"We will raise a religious generation,” Turkey's Prime Minister Tayyip Erdoğan said at a party gathering.
"You are not a pious man but a religion-monger," main opposition leader Kemal Kılıçdaroğlu slammed Erdoğan for exploiting people’s religious feelings.
The timing of the debate is especially interesting.
After all, Erdoğan had curbed his Islamist rhetoric last year and even called for secularism in the Arab world. More recently, his improved image in the West had taken a blow by a war of words with author Paul Auster, who criticized the Turkish government on freedom of expression.
Erdoğan's goal of "raising a religious generation" and the awful press freedom report of his government are somehow interconnected now.
Check out the latest websites that I've discovered that our bureaucracy (without a court order) recently blocked off access from Turkey.
You already know about my personal website, emrekizilkaya.com, that cannot be reached from Turkey. Now theistanbulian.com is also added to that list.
Another recent addition to the blacklist is the official website of the famous magazine, Rolling Stone. When you try to access it from Turkey, the following message appears: "You don't have permission to access 'http://www.rollingstone.com/' on this server." I don't know what they had done wrong, according to the Turkish administration. They said that they also didn't have any idea.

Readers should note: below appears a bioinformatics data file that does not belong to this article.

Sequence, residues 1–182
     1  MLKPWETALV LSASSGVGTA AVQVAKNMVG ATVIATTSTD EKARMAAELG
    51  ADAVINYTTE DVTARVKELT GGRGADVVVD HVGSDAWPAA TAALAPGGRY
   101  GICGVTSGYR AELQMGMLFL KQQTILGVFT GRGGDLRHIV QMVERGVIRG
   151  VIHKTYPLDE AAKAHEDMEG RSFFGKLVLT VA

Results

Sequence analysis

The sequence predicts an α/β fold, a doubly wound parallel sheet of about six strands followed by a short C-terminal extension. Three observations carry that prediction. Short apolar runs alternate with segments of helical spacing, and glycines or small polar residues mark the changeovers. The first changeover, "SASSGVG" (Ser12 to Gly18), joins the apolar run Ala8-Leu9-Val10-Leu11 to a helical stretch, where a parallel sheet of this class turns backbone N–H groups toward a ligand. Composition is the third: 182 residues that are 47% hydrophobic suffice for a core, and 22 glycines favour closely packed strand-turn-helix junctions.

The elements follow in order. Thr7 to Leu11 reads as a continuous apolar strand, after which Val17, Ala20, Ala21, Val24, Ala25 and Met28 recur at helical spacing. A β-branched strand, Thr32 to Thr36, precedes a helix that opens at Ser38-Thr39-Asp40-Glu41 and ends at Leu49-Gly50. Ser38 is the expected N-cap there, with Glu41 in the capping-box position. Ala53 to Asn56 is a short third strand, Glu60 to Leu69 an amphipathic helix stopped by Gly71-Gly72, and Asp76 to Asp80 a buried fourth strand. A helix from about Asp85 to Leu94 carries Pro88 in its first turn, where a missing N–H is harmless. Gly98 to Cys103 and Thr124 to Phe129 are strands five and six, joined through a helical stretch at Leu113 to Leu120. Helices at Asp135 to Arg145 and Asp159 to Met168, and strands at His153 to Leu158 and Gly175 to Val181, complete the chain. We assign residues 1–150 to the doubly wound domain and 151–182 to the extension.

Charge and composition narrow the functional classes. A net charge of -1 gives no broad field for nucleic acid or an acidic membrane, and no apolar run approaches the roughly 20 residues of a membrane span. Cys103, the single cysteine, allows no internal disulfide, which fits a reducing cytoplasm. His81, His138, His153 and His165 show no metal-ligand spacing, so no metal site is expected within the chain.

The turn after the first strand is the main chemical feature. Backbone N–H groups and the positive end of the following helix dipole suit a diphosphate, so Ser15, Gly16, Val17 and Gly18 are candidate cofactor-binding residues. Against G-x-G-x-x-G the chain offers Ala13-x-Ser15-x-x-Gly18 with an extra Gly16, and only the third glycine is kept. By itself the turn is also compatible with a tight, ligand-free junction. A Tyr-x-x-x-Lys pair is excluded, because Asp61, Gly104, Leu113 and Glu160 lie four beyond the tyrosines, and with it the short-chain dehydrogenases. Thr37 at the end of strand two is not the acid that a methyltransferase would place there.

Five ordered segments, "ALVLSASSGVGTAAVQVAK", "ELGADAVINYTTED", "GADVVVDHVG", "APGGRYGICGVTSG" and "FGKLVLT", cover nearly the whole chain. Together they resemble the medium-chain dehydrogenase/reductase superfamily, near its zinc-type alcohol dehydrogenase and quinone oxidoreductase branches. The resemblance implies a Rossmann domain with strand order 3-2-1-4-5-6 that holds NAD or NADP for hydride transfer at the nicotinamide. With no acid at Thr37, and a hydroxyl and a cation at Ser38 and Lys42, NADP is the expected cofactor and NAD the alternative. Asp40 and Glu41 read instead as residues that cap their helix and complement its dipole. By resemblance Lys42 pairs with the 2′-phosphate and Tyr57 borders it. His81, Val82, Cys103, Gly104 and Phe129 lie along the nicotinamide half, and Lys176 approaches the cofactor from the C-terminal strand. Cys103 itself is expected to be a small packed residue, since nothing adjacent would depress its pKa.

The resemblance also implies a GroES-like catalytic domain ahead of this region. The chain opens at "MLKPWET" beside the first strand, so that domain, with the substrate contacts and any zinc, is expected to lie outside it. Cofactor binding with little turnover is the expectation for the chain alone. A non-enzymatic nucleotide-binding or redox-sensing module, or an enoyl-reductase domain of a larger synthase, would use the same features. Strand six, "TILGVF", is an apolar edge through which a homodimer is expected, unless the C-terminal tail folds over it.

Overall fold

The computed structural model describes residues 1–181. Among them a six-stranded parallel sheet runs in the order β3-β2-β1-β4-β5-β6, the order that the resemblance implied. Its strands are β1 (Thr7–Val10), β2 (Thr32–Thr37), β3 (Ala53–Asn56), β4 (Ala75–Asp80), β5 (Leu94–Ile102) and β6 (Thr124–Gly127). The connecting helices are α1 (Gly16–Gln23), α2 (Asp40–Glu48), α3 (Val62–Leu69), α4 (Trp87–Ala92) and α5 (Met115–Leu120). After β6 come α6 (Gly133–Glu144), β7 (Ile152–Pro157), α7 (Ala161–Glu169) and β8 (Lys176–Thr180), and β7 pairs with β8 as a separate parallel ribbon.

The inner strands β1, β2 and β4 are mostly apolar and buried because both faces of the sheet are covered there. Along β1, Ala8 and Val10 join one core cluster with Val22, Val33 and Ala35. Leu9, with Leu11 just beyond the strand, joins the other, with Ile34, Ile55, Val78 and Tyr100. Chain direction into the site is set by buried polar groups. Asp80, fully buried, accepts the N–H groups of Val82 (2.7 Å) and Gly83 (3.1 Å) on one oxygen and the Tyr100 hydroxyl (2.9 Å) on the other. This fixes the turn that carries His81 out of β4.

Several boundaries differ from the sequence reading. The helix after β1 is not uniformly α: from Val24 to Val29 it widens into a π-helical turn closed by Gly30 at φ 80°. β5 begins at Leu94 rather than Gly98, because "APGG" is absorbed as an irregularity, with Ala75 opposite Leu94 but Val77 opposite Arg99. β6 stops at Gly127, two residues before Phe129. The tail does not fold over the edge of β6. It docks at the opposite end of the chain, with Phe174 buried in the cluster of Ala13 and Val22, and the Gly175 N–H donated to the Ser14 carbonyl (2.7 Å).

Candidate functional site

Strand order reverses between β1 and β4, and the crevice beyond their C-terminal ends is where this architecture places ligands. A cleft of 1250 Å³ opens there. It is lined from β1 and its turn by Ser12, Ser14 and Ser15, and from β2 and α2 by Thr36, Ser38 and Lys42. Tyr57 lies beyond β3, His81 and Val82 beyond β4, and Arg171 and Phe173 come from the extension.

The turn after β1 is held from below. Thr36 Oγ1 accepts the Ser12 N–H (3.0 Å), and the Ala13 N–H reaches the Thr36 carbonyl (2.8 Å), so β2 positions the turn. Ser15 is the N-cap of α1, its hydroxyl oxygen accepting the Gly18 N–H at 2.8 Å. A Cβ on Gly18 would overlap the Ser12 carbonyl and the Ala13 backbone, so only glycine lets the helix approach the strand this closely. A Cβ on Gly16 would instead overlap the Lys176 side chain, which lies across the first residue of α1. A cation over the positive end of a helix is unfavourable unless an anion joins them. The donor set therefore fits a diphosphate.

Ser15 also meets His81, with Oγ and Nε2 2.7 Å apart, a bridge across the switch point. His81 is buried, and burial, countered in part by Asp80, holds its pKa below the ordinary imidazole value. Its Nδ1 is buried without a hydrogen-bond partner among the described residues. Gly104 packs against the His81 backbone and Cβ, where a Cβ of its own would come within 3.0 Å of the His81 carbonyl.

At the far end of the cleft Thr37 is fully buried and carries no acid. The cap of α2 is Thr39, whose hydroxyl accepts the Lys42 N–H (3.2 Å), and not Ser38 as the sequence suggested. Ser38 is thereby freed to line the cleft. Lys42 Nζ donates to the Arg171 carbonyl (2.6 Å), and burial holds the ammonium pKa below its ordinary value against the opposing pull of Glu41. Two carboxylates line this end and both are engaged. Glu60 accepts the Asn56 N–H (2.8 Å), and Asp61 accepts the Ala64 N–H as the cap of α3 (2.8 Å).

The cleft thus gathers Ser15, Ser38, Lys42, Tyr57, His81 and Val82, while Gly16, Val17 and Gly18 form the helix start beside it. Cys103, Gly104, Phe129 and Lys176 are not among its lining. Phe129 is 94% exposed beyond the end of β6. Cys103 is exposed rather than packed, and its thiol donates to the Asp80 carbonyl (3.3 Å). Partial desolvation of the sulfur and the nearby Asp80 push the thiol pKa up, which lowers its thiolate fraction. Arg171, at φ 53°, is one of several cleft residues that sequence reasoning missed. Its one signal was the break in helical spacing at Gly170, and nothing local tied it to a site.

The number of instances of mysterious censoring gets bigger. Who knows, the latest example may even be related to Erdoğan's goal of "raising a religious generation," as it is a female swimsuit seller: Venus.com. When you try to reach the site from Turkey, you get the same message: "Access denied. You don't have permission to access 'http://www.venus.com/' on this server."
Maybe it's just the time for an online Muslim swimwear start-up in Turkey...
EDIT: The authorities who didn't give any response in the past quickly explained the situation to me after I reached them through a friend in the business. They say that the censor has got nothing to do with me. The access to one of the servers of the American domain registrar that I'm also using is banned in Turkey because of a copyright issue by a third party. It seems that it is not political, but who knows? Maybe the authorities just don't care about this absurd violation of my citizen rights, because they don't like what I'm writing here...